The first police unit to combat terrorism was established in 1883 by the Metropolitan Police, initially as a small section of the Criminal Investigation Department. It was originally known as the Special Irish Branch, unit's name was changed to Special Branch as its remit steadily widened over the years.  In the early years of the 21st century, it merged with Scotland Yard, where heading up the counter-terrorism branch is considered to be the toughest job in British policing. 
Secret services
At the end of the Second World War, there were a total of 17 MI (Military Intelligence) sections in the War Office. Today, just three organizations make up the British secret services.
MI5 is responsible for countering covertly organized threats to the UK, and its principal activity is the fight against terrorism, both international and homegrown. It began life as the Secret Service Bureau in 1909 to counter Imperial Germany’s espionage operations in the build-up to the First World War. Between the two world wars, the service was increasingly concerned with espionage threats from the far right (fascism) and the far left (communism). During World War II, MI5 had success uncovering enemy agents and feeding misinformation to the enemy, notably helping the allied landing in Normandy in 1944. Since the fall of the Iron Curtain, MI5 has been predominantly concerned with Northern Ireland and international terrorism.
MI6, officially known as the Secret Intelligence Service, operates worldwide to collect secret foreign intelligence in support of the British Government's policies and objectives. It commonly deals with challenges such as regional instability, terrorism, the proliferation of weapons of mass destruction and illegal narcotics. The head of MI6 is known ‘C’ after its first chief, Sir Mansfield Cummings. Due to the sensitive nature its work, MI6 has traditionally been shrouded in secrecy, and little was known about the service, other than the fictional exploits of 007. It is widely accepted that a man like James Bond would not be hired by MI6 these days.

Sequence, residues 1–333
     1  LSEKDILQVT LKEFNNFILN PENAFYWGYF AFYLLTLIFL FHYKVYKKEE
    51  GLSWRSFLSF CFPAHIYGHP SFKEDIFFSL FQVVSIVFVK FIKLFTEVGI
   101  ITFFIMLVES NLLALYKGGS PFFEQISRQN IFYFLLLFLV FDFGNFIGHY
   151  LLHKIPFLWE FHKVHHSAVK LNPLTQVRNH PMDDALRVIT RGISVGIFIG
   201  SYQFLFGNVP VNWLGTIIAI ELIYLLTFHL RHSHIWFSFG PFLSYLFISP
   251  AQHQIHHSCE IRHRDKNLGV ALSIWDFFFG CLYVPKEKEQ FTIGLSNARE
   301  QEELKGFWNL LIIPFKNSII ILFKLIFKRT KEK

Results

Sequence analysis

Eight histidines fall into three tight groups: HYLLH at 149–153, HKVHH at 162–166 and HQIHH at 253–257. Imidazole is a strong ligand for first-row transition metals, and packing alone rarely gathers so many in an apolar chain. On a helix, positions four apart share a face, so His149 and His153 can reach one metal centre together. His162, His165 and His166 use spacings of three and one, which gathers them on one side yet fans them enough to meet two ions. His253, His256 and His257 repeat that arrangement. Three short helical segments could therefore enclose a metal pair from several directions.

GCHQ, the Government Communications Headquarters’, eavesdrops on communications throughout the world, and it is possibly the most secretive of all the intelligence agencies. Its headquarters are in Cheltenham, Gloucestershire; although it was famously based at Bletchley Park during the Second World War.
Cracking the Enigma code in 1940 possibly prevented the collapse of British resistance due to starvation, as German U-Boats were decimating Atlantic convoys. Another major wartime achievement was the design, installation, and operation of the world’s first electronic computer, COLOSSUS.

How and Where to Buy Terrorism Insurance?

You can buy a terrorism insurance policy from most insurance companies. They are able to sell you coverage for terrorism insurance if you feel you need it or are required to purchase it for yourself, your work or for your company.

Insurance companies can offer terrorism insurance either as a stand-alone policy or part of a coverage plan. You can check out an insurance company like Deacon Insurance to learn more about the options available for a terrorism insurance coverage. If you want to familiarize yourself more with terrorism insurance and its cover, feel free to research and discuss with your insurance agent.

You May Also Like